In 1890 Senator Sherman, in advocating the bill that bears his name, said, among other things: "Mr. President, the object of this bill, as shown by the title, is 'to declare unlawful trusts and combinations in restraint of trade and production. It declares that certain contracts are against public policy, null and void. It does not announce a new principle of law, but applies old and well-recognized principles of the common law to the complicated jurisdiction of our State and Federal government. Similar contracts in any State in the Union are now, by common or statute law, null and void. Each State can and does prevent and control combinations within the limit of the State.”
DeTocqueville has said that the lawyer was the great conservator, and that like all wise conservators, in times of radical progress he held back; in times of undue conservatism he pushed forward. Most true should this be of the bench.
There is probably at present sufficient law to properly restrain corporate aggrandizement. The Sherman Anti-Trust Act, approved July 2, 1890, 26th Statute, 209, gives broad authority to the Federal court to interfere with any monopoly. It declares to be illegal “every contract, combination in the form of trust or otherwise, or conspiracy, in restraint of trade or commerce among the several States, or with foreign nations,” and uses the following:words: "Every contract, combination in the form of trust or otherwise, or conspiracy, in restraint of trade or commerce among the several States, or with foreign nations, is hereby declared to be illegal. .... Every person who shall monopolize, or attempt to monopolize, or combine or conspire with any other person or persons to monopolize any part of the trade or commerce among the several States, or with foreign nations, shall be deemed guilty of a misdemeanor.”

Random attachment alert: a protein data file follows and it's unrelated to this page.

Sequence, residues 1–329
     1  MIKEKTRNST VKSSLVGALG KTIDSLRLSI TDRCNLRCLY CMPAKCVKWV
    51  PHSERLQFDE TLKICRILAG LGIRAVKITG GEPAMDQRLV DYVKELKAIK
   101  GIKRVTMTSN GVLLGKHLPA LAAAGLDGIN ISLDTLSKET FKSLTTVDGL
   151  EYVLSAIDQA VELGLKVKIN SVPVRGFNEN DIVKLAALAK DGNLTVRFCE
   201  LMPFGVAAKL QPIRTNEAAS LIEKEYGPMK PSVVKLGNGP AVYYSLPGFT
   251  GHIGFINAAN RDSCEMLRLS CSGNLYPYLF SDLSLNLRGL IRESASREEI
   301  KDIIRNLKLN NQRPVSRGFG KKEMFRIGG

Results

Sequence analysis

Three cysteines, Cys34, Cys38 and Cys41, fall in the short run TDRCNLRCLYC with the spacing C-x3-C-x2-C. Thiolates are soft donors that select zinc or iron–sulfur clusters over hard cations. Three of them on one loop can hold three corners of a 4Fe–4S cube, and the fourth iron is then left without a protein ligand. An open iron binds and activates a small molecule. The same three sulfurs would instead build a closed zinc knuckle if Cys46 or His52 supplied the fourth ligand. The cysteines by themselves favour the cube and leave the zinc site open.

Under the Sherman Act the Knight case was argued in October, 1894, and reported 156 U. S. Rep., p. 1, and the Addyston Pipe and Steel Company case was decided December 4, 1899, and reported 175 U. S. Rep., p. 211. In the Knight case Mr. Justice Harlan dissented in an unanswerable opinion. The real defendants, the American Sugar Refining Company, werc at that time one of the richest corporations in America, astoundingly intrenched in State and Federal influence, so close and so useful to many statesmen of national reputation, that some of these statesmen received public attention, on account of this company, more emphatic than complimentary. After the passage of the Sherman Act, the American Sugar Refining Company bought a number of refineries of other States, constituting a practical monoply of all the refineries of the United States. The Supreme Court held this legal upon the theory that there was nothing to show that the purpose of the combination was to sell the product, and therefore the company was not engaged in commerce, and that their consolidation therefore, accomplished no interference with competition in interstate commerce. This decision of the Supreme Court can not be sustained. In power of reasoning and soundness of conclusion, the opinion of the court does not compare with the dissenting opinion of Mr. Justice Harlan: "It is said that there are no proofs in the record which indicate an intention upon the part of the American Sugar Refining Company and its associates to put a restraint upon trade or commerce. Was it necessary that formal proof be made that the persons engaged in this combination admitted, in words, that they intended to restrain trade or commerce? Did any one expect to find in the written agreements which resulted in the formation of this combination a distinct expression of a purpose to restrain interstate trade or commerce? Men who form and control these combinations are too cautious and wary to make such admissions orally or in writing. Why, it is conceded that the object of this combination was to obtain control of the business of making and selling refined sugar throughout the entire country. Those interested in its operations will be satisfied with nothing less than to have the whole population of America pay tribute to them. That object is disclosed upon the very face of the transactions described in the bill. And it is proved—indeed, is conceded—that that object has been accomplished to the extent that the American Sugar Refining Company now controls ninety-eight per cent. of all the sugar refining business in the country, and therefore controls the price of that article everywhere. Now, the mere existence of a combination having such an object and possessing such extraordinary power is itself, under settled principles of law, there being no adjudged case to the contrary in this country—a direct restraint of trade in the article for the control of the sales of which in this country that combination was organized.” 156 U. S. Rep., p. 43.